Colin Lewis spreads his workout philosophy with opening of Empowerment Fitness in Menlo Park

by Linda Hubbard on September 19, 2013

Colin Lewis opened Empowerment Fitness in Menlo Park last May. But he is no stranger to the area. His father lived in Menlo when he was growing up, and he’d spend weekends here. He also owned Body Matrix, which was located a stone’s throw from his current studio. We stopped at his new studio to talk about working out and how his approach may differ from other personal trainers in the area.

InMenlo: Were you always athletic? When and why did you decide to do this as a profession?

Colin: Yes, I’ve been athletic, but I’ve also always struggled with weight control. In middle school, I was really overweight. By the time I was 15, I weighed 265. Right now I’m at 220.

After college — I went to Oregon and played ice hockey on the club team — I did mixed martial arts. I’ve also done yoga and Pilates, and I snowboard. Guess my life has long been about working out in different ways.

InMenlo: What are some of  “fun and exciting” training techniques you employ?

Colin: We do non-traditional exercises and make the sessions interactive. For example, I’ll hold a person’s legs while they throw a ball. I want to be involved in the exercise and, at the same time, make sure people are doing it right.

We also talk about fun stuff like movies we’ve seen. I try to keep it engaging and entertaining.

InMenlo: You state on your website the importance of getting the right balance between factors of stress and recovery. Can you elaborate?

Colin: The way that I see it is that there are certain aspects of fitness that damage the body and others that help with recovery. The quick movements that come from doing plyometics, as example, put high stress on the body. The impact is right to your bones. It requires the most amount of recovery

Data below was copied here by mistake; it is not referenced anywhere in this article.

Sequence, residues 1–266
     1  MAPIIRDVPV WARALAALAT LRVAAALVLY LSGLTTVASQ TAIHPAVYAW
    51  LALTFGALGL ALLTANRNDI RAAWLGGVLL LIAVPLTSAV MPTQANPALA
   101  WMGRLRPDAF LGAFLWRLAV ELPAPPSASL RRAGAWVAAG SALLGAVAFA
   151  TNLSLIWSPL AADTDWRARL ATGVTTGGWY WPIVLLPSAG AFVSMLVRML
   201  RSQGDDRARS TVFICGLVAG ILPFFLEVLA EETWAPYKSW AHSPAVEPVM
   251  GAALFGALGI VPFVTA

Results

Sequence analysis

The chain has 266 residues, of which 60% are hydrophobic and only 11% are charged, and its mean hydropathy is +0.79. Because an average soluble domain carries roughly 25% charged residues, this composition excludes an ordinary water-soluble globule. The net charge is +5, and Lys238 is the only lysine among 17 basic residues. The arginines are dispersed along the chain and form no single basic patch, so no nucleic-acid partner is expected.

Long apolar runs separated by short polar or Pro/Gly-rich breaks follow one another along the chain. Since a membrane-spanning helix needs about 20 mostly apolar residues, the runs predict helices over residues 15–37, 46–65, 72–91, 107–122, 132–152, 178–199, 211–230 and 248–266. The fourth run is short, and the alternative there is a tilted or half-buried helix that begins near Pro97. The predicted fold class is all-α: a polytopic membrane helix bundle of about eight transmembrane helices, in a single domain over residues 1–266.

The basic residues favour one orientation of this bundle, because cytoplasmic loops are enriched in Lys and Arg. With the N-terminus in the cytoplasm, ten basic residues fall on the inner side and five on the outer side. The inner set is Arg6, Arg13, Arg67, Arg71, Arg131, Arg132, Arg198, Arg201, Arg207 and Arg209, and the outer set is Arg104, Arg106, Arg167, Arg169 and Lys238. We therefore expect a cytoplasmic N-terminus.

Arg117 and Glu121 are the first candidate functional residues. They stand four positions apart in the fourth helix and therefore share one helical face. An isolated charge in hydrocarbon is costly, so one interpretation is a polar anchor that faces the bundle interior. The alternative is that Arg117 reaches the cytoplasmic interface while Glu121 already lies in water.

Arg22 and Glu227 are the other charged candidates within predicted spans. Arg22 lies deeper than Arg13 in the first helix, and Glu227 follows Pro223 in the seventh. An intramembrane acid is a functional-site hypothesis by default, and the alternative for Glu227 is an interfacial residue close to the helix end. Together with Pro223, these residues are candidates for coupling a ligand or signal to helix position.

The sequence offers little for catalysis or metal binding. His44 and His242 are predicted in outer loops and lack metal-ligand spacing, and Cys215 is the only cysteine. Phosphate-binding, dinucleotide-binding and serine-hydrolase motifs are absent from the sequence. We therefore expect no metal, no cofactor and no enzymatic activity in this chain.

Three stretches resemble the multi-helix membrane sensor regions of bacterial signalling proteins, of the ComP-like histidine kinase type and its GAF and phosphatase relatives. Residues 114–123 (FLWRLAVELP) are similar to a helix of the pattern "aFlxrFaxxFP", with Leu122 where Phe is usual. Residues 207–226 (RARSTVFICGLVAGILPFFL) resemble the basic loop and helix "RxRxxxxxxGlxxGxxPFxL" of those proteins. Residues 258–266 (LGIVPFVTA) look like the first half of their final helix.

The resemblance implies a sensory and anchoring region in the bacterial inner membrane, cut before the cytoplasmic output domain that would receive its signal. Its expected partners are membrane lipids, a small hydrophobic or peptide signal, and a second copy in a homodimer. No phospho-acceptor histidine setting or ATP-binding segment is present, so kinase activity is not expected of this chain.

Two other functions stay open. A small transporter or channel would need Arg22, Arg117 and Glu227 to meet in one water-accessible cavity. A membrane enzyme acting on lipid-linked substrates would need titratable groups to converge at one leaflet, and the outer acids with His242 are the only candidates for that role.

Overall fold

I usually take the last 15 minutes or so of a session to focus on recovery, having the muscles relax and stretch out.

InMenlo: In what ways do you work with “older populations” differently.  And what is an older population?

Colin: It’s hard to call it an age. For some people it’s 45 and others 65. Average is 55. There’s sometimes a difference between biological and chronological age.

Strength and power go down as you get older. So, the key is you don’t start with that stuff. That’s when injuries happen. Even though you know that’s the goal, you start with light stuff. And also look at life outside of the gym — eating, stress management and sleeping.

Working out is controlled damage. I want to make sure the ability to repair is there first. Then I want to make sure the body can actually move. After that, it’s all about posture and moving in positions that are ideal for a body’s energy.

Cardio is the next thing — making sure the heart can respond and that you’re able to burn calories. Cardio is tougher than posture work but not as hard as strength. Lastly, you work on core strength and light weights. With a younger person, you might be able to start with the cardio.

InMenlo: What is your favorite aspect of your fitness routine? And the thing that you like least?

Colin: I dislike cardio the most — I’m a  runner/hiker/trail jogger. I think it’s boring. My mind starts wandering, although it’s easier to stay focused when I’m with a group. Probably I like high intensity stuff the most. Kick boxing, for example. I get a hard workout and don’t even realize I did it.

InMenlo: What do you do to relax, blow off steam?

Colin: Nature is a big thing — hiking and camping, all that kind of stuff. I also like getting massages. And meditating and reading.

Photo by Scott R. Kline

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